Easton - That sounds like a really good idea. Thanks for commenting and good luck in your move.

    • profile image

      Easton Memmott 

      4 months ago

      I thought it was really interesting when you said that when a flame sensor stops working, it is usually because of dirty carbon build up. I am thinking about moving in with my brother, but he told me that his furnace often quits working and his house gets really cold. If I do move in with him, I will make sure we get the furnace working without any blips so I don't freeze.

    • Cre8tor profile imageAUTHOR

      Dan Robbins 

      8 months ago from Ohio

      The flame sensor senses temperature. A rise in temperature confirms that the gas has been lit and the unit can continue to run.

    • profile image

      sbkenn 

      8 months ago

      Does the flame just conduct, or does it carry charge to the probe ?

    • Cre8tor profile imageAUTHOR

      Dan Robbins 

      9 months ago from Ohio

      No. Nothing charred is normal. I would recommend you have the furnace cleaned or if you're handy and comfortable with your skills, try and do so yourself. I've written an article on how to do this. It's not a professional duct cleaning but in your case, you could start with the furnace and perhaps determine from there if you want to go further or need a professional duct cleaning service. Thanks for reading.

    • profile image

      Bobbie 

      9 months ago

      My furnace runs well, but I see occasional small charred particles around the vents closest to heating unit! I have had two service calls and neither found a problem. What I would like to know, is this normal? Thank you!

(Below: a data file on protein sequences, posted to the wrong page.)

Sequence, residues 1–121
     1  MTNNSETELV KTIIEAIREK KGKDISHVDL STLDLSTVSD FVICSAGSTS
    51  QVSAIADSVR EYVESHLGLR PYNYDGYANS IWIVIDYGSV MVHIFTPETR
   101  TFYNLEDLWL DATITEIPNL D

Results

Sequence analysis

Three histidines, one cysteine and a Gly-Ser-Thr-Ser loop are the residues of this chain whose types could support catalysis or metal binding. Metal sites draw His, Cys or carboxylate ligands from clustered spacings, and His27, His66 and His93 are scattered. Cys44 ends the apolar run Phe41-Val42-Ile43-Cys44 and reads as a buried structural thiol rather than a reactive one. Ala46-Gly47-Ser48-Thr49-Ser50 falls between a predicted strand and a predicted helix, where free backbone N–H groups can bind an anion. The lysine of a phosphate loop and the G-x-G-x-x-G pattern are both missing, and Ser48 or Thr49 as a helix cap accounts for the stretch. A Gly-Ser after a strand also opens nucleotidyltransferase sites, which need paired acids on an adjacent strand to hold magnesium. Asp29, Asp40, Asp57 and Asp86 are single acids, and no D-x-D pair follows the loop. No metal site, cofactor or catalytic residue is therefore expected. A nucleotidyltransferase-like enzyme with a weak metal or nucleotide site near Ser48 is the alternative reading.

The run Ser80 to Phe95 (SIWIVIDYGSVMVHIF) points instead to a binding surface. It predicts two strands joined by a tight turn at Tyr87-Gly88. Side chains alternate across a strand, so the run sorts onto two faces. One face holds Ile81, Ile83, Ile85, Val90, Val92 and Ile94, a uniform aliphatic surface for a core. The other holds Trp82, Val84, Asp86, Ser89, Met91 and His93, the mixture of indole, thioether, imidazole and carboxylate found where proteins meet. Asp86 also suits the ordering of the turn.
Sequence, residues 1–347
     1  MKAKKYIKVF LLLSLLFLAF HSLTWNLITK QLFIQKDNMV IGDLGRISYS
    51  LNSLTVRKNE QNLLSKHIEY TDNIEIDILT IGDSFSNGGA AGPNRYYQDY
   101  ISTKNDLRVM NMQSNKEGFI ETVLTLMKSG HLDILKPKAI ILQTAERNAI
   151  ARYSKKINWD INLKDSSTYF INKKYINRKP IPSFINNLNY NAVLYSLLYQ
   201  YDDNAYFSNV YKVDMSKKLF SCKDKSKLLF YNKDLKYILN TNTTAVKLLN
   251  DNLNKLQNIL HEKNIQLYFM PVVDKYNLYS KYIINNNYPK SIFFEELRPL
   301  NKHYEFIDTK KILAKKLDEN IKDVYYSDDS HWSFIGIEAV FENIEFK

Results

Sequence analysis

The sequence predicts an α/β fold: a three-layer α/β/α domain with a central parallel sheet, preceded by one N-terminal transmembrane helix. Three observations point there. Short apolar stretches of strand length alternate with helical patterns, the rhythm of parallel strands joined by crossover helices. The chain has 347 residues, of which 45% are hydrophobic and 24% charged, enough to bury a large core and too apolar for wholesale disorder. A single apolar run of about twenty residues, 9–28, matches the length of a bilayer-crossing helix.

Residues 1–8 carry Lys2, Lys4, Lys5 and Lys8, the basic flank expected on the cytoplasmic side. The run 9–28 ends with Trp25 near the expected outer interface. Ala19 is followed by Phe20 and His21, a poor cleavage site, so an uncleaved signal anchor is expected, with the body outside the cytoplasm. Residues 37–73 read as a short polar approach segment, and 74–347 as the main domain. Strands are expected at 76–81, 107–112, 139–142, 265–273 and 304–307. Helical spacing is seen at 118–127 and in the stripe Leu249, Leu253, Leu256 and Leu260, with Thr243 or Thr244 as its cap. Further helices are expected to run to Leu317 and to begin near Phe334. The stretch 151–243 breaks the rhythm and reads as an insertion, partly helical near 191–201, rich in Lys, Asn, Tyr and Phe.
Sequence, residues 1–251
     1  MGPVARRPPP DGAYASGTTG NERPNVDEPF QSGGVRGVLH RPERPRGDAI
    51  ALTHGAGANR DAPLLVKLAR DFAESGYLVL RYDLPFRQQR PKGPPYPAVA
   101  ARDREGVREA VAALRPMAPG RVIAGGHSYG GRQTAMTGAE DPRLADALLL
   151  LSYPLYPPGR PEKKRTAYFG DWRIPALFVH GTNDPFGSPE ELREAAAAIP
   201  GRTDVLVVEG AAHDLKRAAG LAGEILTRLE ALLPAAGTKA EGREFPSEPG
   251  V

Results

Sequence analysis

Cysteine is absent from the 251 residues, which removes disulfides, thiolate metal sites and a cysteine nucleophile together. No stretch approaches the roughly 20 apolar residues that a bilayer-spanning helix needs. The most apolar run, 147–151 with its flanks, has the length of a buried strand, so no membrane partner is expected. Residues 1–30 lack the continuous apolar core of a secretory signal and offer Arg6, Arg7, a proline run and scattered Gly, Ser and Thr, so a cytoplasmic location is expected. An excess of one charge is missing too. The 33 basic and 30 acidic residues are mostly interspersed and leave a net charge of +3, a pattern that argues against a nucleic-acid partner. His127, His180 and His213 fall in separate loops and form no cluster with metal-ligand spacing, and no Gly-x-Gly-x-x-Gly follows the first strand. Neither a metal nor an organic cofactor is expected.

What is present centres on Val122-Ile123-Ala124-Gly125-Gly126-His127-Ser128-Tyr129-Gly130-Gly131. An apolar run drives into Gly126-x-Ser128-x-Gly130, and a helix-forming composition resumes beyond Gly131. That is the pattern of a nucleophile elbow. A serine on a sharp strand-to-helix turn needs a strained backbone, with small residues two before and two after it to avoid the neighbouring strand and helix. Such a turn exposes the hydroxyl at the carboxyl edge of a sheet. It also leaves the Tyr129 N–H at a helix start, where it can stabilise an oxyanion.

• Cre8tor profile imageAUTHOR

      Dan Robbins 

      9 months ago from Ohio

      Jean, You're very welcome and I hope it comes in useful to you....or not. I suppose not is better. Haha.

    • profile image

      Jean 

      9 months ago

      Thanks so much for your tutorial!

    • Cre8tor profile imageAUTHOR

      Dan Robbins 

      9 months ago from Ohio

      Sounds like it's a good possibility. Not sure why night and day are making a difference but yes. If the flames light and go right back out then the flame sensor is a prime suspect.

    • profile image

      Donna Sabean 

      9 months ago

      I have a armana 80 and it works during the day most times but at night it ignites then the flames turn off and the fan just keeps running and cold air blows out. Is it possible it's the flame sensor?

    • Cre8tor profile imageAUTHOR

      Dan Robbins 

      10 months ago from Ohio

      Jake Andrew - I can't say for sure as I don't really have any experience with fuel oil systems other than selling them to those that do. I never serviced them. Sorry.

    • profile image

      Jake andrew 

      10 months ago

      Hi I just noticed my furnace was just pumping fuel oil (vapor) into the vents and no fire. I just checked and no fire I reset the igniter and main power then turned it back on and it worked but I want to know it won't do that again how can I be sure

    • Cre8tor profile imageAUTHOR

      Dan Robbins 

      10 months ago from Ohio

      No. You cannot cut those. It should be the same if you bought from the distributor of your brand and they ran it by the model or serial number. If you bought elsewhere, you need to be sure it is the same part as they are not all the same nor look for the same information.

    • profile image

      Amy 

      10 months ago

      Our furnace has been turning in and off as described in the article. We bought a new flame sensor to replace the old one but the metal rod seems linger than the old one and the furnace isnt seeing it. Can we cut the rod to the size of the old one? Is that a typical issue?

    • Cre8tor profile imageAUTHOR

      Dan Robbins 

      11 months ago from Ohio

      Tamara - Thank you for the feedback! Glad to see I've helped some folks stay warm this winter. Pay it forward!

    • Cre8tor profile imageAUTHOR

      Dan Robbins 

      11 months ago from Ohio

      Thanks for the feedback Russ! O-H! __

    • Cre8tor profile imageAUTHOR

      Dan Robbins 

      11 months ago from Ohio

      Glad to hear. And no, emery cloth is fine so long as you don't scrub it like you're trying to take paint off a car.

    • profile image

      Tamara Coville 

      11 months ago

      Your advise was perfect. I have a Carrier WeatherMaker 8000 and my unit was clicking on and off. It had a trouble code 34, so I removed and cleaned the heat sensor and my unit is working correctly now.

    • profile image